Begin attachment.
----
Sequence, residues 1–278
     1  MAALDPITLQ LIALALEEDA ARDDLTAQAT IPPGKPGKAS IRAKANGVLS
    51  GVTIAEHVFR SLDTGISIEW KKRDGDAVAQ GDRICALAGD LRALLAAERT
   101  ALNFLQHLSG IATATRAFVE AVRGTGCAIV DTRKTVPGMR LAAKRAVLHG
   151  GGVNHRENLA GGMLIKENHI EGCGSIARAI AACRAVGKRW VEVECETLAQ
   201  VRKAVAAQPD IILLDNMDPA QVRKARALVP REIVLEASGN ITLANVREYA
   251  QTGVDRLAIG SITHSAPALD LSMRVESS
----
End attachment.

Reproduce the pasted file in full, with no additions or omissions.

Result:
Sequence, residues 1–278
     1  MAALDPITLQ LIALALEEDA ARDDLTAQAT IPPGKPGKAS IRAKANGVLS
    51  GVTIAEHVFR SLDTGISIEW KKRDGDAVAQ GDRICALAGD LRALLAAERT
   101  ALNFLQHLSG IATATRAFVE AVRGTGCAIV DTRKTVPGMR LAAKRAVLHG
   151  GGVNHRENLA GGMLIKENHI EGCGSIARAI AACRAVGKRW VEVECETLAQ
   201  VRKAVAAQPD IILLDNMDPA QVRKARALVP REIVLEASGN ITLANVREYA
   251  QTGVDRLAIG SITHSAPALD LSMRVESS